3. This book is quite a bit longer than it should be. It's overwritten, with page after page that doesn't add to plot or character. The only people who can write books this long are authors who already have best-sellers under their belts. I can see the rejection letters (emails) now: "The core of the story is good, and there are some good plot twists, but there's just too much weighing it down. Best of luck with it."
Now let me offer a few thoughts from a reader's point of view, not a publisher's. The three points of dismissal above have the horrible result of utterly annihilating this book's many accomplishments. Specifically:
*This must be one of the very earliest novels to look closely at narcissistic personality disorder. Because that was Rebecca in a nutshell: a classic narcissist. And the way that du Maurier moves Rebecca so slowly and tantalizingly from a worshipped goddess to a vicious nymphomaniac is extremely skillful. I can't think of any portrait of a narcissist that is more effective. And du Maurier does all of this in retrospect, with a dead woman.
*du Maurier also does an excellent job with the unreliable narrator. I wish I could put a finger on exactly how the narrator's neurosis would be classified. Mrs. de Winter is forever extrapolating into the future, envisioning how scenarios will play out. She builds grand short stories in her mind, often with more than a bit of paranoia. She can't really seem to form attachments, except to Max, whom she worships: Perhaps she suffers from borderline disorder? (On a side note, I have always appreciated a good unreliable narrator, but I'm often surprised by how much readers hate them.)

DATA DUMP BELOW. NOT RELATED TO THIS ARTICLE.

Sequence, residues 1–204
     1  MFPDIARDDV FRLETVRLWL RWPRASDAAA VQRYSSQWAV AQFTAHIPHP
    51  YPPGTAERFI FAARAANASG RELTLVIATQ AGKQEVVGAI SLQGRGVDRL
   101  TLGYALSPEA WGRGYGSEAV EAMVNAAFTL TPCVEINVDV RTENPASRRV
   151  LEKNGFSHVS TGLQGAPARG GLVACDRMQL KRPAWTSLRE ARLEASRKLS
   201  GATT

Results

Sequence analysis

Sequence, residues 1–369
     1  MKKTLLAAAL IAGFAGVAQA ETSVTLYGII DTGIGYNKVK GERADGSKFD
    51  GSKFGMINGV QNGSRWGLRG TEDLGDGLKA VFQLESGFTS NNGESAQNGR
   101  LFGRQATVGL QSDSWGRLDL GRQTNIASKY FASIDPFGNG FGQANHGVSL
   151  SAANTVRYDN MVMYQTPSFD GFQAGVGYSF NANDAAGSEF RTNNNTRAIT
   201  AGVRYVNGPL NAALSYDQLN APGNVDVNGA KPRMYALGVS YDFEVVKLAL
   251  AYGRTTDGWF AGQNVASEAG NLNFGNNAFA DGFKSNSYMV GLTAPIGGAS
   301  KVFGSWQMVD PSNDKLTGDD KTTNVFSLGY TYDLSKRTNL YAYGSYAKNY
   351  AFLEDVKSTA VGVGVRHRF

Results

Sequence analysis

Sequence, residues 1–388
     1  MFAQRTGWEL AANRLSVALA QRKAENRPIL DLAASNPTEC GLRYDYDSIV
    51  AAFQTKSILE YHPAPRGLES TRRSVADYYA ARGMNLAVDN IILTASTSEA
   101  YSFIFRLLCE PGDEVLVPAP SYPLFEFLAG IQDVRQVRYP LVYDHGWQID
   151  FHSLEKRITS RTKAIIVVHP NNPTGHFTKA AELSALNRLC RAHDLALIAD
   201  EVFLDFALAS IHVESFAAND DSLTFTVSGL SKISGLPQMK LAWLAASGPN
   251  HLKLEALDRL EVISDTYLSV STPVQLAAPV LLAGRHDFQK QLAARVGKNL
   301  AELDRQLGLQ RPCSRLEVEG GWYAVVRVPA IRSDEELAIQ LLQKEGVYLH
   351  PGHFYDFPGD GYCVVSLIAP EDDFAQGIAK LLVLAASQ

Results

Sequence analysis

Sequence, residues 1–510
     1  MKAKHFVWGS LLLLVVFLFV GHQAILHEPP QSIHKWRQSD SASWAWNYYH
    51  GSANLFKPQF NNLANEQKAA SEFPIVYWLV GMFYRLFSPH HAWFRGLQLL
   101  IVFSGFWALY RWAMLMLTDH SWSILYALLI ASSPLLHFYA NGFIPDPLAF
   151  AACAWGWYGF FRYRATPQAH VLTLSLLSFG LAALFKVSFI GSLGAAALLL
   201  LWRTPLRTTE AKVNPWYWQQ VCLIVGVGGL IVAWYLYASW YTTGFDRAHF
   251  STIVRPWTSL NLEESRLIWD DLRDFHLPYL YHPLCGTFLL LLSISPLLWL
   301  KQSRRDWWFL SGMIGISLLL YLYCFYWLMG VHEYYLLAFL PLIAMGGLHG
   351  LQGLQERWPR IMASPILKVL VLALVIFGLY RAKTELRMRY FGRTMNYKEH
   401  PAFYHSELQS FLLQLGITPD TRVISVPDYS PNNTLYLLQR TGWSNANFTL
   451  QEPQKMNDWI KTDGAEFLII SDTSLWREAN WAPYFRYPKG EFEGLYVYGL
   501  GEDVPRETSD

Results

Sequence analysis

*This book is expertly plotted. du Maurier provides the hints required by fair play, but there are at least four major plot twists that make the reader gasp. (Compare that to ONE in Gone Girl or A Kiss Before Dying). Writers really should study this book to see how a simple plot can be woven into a great mystery.
I'll close with just a few random thoughts. First, on more than one occasion I found myself disconcerted by the writing. I don't think I've ever read a book where I swung between thinking "Wow" and thinking "Ugh." If you read it, you'll see that the author occasionally gets into a mode where she spits out 50 or 60 simple sentences in a row. Once you notice it, you can't un-notice it. It put me off, that's for sure. I have to think du Maurier had a reason for doing this, because clearly she was capable of much, much better. I wonder...
Also, I'd been completely unaware that du Maurier faced serious allegations of plagarism with this book (and other works, too). From the little I read, it sounds like the allegations may have a strong basis. However, one could accuse Shakespeare of plagiarism, too, of course.
Finally, and I should have mentioned this earlier -- everything I said about the book not being publishable today is wrong. Why? Because du Maurier had strong family, society, and publishing contacts. Many people today with much less talent than du Maurier get published for exactly that reason.